Iron Ore Volatility at Record as China Stocks Gyrate

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Iron ore’s roller-coaster week, which saw back-to-back records set for a daily decline and rally, lifted volatility to an all-time high as prices were whipsawed by gyrations in China’s stock markets.

Ore with 62 percent content delivered to Qingdao gained 2.3 percent on Friday to $50.10 a dry metric ton, after surging 9.9 percent on Thursday. It had plunged 10 percent to $44.59 on Wednesday, the lowest in at least six years, according to Metal Bulletin Ltd. Prices are 9.3 percent lower this week after losing 10.9 percent the week before.

“I think it will obviously stick in people’s mind,” Laura Brooks, a senior consultant at CRU Group in London, said by phone, referring to the week’s trading. “The thing is you saw that price heading toward $40 a ton. It creates a lot of nervousness on the mining side of the market.”

Iron ore’s wild ride came as daily swings in Chinese stocks, with authorities seeking to stem a rout, prompted investors to shun, then embrace, risky assets. The shifts in mood fused with concern that low-cost supplies from Rio Tinto Group and Vale SA are surging even as demand slows, spurring a global glut. The rally on Thursday was sentiment-driven as a rebound in Chinese equity markets eased concern over underlying demand, according to Australia & New Zealand Banking Group Ltd.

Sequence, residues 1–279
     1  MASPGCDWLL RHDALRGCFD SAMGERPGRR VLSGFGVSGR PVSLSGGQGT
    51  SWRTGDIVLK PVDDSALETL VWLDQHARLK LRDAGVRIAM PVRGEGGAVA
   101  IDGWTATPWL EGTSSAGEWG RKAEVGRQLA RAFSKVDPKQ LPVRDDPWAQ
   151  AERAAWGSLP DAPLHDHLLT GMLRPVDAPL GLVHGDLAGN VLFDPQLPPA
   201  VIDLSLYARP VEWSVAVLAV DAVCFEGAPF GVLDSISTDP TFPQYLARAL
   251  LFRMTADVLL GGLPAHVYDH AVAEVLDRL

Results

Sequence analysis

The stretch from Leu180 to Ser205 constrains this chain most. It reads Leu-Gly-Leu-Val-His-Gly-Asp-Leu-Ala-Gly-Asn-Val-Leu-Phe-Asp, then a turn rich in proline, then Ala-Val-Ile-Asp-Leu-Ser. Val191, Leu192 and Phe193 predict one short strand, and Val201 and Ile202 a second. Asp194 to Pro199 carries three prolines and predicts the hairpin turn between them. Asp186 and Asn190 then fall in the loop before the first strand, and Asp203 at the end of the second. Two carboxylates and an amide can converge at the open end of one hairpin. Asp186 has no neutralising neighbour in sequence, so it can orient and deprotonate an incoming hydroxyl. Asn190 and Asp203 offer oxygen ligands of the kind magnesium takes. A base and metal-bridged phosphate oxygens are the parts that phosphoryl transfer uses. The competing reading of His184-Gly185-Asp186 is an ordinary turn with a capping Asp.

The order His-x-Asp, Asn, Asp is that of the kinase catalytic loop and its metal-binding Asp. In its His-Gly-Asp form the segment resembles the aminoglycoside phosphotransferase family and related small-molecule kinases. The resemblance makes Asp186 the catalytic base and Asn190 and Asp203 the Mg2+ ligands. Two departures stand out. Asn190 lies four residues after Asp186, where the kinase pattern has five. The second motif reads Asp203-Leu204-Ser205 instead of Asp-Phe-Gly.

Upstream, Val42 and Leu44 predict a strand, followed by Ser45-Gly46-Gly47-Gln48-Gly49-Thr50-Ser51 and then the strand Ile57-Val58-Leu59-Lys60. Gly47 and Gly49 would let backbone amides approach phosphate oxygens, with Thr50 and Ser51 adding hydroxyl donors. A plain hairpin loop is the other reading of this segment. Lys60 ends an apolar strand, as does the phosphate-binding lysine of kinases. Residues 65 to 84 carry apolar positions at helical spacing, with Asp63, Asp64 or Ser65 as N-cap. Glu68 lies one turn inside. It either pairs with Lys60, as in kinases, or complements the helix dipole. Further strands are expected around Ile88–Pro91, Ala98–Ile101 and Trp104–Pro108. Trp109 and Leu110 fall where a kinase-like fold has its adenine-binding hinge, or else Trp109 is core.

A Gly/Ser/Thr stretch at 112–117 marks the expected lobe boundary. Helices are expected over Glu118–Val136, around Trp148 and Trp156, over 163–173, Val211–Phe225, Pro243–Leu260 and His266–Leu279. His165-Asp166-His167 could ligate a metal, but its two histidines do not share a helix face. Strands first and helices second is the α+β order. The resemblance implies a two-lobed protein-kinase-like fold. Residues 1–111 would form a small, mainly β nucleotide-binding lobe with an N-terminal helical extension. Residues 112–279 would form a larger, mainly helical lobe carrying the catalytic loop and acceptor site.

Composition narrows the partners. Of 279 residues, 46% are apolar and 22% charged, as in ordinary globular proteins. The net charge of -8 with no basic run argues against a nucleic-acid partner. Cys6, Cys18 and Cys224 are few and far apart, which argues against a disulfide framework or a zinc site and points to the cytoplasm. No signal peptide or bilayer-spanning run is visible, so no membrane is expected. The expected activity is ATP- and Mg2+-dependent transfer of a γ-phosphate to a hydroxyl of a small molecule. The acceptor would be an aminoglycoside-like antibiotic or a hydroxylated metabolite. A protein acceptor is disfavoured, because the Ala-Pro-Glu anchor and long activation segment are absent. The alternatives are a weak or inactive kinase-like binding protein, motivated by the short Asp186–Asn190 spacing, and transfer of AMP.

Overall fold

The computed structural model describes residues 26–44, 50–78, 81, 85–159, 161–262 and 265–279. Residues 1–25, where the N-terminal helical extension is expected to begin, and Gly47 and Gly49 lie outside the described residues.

“Volatility has come back into the market,” said Brooks, who expects prices in the $40s to be commonplace in the second half. “For the price to drop that much in a space of a week, I don’t think fundamentals can move that quickly to trigger that. It’s much more sentiment-driven.”

Stock Rebound

Iron ore’s 10-day volatility climbed to 95.8 this week, the highest ever, up from 41.2 on July 3, according to data compiled by Bloomberg. Figures for volatility tracked over 30, 50 and 100 days were also at records.

Stocks in China extended gains on Friday as government measures to stem the rout started to take effect. With the Shanghai Composite Index recording the biggest two-day advance since 2008, iron-ore futures rose 1.5 percent on the Dalian Commodity Exchange.

Producers’ shares climbed on Friday. Rio Tinto rose 1.5 percent to 2,567 pence by 2:06 p.m. in London, after touching the lowest since 2009 two days ago. BHP Billiton Ltd. climbed

2.5 percent and Anglo American Plc advanced 0.9 percent.

Compared with annual benchmarks that iron ore was traded through until the past several years, Wednesday’s Metal Bulletin price would be the lowest since 2005, according to Clarkson Plc. The end of the annual benchmark system, and development of spot and derivative markets, meant prices now responded to non-fundamental drivers too, according to Morgan Stanley analyst Tom Price.

Increasing Sensitivity

Iron ore has become increasingly sensitive to events like shifts in China’s macro and trade policies, credit conditions and interest rates, Price said. Further falls in China’s stocks will signal more declines in commodity markets, he said.

“Such a short, sharp fall in iron-ore prices goes beyond the current fundamentals,” RBC Capital Markets analysts including Chris Drew said in a note. “While we think this short term sell off is likely to prove excessive, the scope for a meaningful recovery is limited,” they said, forecasting prices will average $52.50 a ton this half.

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